I’ve decided I’m going to make a new page for the custom post to loop in. I created a page called Custom, which will appear at example.com/custom. Right now, my page is pulling from page.php, like all the other pages.

I’m going to create page-custom.php, and copy the code over from page.php. According to the WordPress template hierarchy, a page-name.php will override page.php.

The original loop we used looked like this:

if ( have_posts() ) : while ( have_posts() ) : the_post();
	// Contents of the Loop
endwhile; endif; 

A custom post type loop will look like this:

$custom_query = new WP_Query( $args );
while ($custom_query->have_posts()) : $custom_query->the_post();
  // Contents of the custom Loop
endwhile;

Note that this only a while, and does not have an if or endif.

I’ll have to define the $args or arguments, before the loop.

$args =  array( 
	'post_type' => 'my-custom-post',
	'orderby' => 'menu_order',
	'order' => 'ASC'
);

Here I’m defining the post type as my-custom-post, and ordering the posts in ascending order.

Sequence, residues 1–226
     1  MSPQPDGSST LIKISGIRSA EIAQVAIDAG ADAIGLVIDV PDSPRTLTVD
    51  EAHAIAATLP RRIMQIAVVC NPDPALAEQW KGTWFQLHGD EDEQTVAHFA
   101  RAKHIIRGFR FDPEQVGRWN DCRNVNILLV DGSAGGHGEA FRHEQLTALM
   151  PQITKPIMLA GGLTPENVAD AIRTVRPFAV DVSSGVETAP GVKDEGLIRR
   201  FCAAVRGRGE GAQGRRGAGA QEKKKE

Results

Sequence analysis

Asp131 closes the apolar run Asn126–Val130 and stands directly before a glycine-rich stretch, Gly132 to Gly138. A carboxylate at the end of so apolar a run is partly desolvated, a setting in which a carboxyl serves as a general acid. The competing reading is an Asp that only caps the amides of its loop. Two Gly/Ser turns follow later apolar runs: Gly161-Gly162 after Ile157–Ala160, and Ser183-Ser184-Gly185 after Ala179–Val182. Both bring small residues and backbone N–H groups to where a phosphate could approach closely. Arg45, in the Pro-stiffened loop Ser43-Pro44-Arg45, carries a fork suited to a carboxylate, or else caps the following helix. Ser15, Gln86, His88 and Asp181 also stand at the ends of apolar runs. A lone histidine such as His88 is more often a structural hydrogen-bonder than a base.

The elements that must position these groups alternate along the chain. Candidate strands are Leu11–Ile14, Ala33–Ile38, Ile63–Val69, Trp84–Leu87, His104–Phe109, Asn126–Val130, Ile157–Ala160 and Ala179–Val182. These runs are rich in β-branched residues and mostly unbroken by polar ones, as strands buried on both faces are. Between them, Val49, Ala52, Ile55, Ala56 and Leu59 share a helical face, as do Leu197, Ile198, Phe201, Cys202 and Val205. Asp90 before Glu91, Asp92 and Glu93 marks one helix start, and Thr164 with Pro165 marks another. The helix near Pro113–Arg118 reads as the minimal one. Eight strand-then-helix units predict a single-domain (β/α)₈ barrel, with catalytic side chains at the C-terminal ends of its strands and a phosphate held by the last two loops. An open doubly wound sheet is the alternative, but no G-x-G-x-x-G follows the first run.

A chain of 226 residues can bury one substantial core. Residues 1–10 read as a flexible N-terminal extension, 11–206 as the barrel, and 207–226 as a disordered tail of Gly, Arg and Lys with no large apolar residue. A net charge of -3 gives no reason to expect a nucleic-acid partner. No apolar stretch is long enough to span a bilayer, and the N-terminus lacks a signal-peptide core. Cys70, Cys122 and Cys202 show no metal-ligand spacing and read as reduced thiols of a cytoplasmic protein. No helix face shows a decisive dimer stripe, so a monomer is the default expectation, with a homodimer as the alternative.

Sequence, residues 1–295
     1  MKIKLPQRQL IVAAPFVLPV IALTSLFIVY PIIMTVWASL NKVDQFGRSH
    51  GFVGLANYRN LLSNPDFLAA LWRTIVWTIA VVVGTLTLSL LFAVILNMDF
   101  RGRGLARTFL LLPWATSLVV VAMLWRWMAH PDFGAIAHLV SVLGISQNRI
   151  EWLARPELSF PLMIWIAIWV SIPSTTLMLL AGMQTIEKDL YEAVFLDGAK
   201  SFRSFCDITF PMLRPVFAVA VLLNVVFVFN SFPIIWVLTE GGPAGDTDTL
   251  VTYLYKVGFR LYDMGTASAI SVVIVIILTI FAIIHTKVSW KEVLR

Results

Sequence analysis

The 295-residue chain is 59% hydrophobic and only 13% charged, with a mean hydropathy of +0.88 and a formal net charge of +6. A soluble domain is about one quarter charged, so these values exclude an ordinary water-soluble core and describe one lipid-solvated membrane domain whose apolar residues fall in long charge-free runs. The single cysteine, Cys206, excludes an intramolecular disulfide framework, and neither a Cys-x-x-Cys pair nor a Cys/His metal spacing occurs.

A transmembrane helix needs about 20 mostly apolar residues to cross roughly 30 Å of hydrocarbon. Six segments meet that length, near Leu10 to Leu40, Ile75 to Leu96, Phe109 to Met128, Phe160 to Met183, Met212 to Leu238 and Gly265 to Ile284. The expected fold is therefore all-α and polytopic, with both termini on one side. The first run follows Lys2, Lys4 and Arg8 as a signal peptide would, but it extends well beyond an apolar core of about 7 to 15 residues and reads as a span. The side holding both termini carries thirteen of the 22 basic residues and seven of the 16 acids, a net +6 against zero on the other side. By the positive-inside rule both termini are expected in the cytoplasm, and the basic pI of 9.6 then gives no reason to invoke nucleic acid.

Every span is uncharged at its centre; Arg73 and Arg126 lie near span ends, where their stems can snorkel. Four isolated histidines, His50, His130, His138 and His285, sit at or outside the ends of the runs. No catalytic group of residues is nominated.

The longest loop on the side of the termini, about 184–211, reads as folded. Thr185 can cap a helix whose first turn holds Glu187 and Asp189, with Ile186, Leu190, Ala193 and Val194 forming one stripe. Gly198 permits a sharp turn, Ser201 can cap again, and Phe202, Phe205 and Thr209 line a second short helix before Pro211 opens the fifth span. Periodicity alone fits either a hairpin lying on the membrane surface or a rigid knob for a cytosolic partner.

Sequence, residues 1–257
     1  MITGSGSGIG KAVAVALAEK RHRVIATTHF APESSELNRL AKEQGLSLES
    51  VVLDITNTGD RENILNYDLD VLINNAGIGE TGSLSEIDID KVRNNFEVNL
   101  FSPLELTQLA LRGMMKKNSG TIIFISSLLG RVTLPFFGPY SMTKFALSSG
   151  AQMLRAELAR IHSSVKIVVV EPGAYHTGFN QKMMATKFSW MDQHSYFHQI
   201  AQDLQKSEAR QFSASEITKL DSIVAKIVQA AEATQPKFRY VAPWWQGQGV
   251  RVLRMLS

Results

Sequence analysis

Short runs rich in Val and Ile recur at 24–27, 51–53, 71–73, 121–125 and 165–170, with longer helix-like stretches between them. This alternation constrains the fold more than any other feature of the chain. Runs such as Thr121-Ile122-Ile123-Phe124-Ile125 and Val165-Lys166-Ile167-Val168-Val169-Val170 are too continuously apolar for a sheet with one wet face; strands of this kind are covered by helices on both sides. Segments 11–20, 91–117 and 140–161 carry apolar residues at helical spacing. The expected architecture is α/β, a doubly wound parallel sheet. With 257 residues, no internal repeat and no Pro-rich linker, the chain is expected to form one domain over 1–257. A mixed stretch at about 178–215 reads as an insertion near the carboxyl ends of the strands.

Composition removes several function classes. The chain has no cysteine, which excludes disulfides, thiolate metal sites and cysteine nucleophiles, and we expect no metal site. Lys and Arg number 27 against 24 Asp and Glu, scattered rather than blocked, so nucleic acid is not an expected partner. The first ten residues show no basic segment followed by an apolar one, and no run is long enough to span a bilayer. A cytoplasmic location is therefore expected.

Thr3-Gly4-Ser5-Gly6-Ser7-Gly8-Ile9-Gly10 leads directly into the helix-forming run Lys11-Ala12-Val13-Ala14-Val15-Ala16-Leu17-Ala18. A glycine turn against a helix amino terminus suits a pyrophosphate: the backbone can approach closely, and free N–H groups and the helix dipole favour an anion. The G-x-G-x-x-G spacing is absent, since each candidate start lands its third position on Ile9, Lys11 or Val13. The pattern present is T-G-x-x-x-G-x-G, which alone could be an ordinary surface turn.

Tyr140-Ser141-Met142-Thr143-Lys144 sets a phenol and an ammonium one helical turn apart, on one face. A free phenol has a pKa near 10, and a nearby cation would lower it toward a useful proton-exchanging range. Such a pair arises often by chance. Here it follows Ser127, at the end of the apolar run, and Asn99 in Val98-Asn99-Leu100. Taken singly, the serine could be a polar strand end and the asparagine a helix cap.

So here’s the entire code for page-custom.php.

<?php get_header(); ?>

	<div class="row">
		<div class="col-sm-12">

			<?php 
				$args =  array( 
					'post_type' => 'my-custom-post',
					'orderby' => 'menu_order',
					'order' => 'ASC'
				);
				 $custom_query = new WP_Query( $args );
            while ($custom_query->have_posts()) : $custom_query->the_post(); ?>

				<div class="blog-post">
					<h2 class="blog-post-title"><a href="<?php the_permalink(); ?>"><?php the_title(); ?></a></h2>
					<?php the_excerpt(); ?>
				</div>

				<?php endwhile; ?>
		</div> <!-- /.col -->
	</div> <!-- /.row -->

	<?php get_footer(); ?>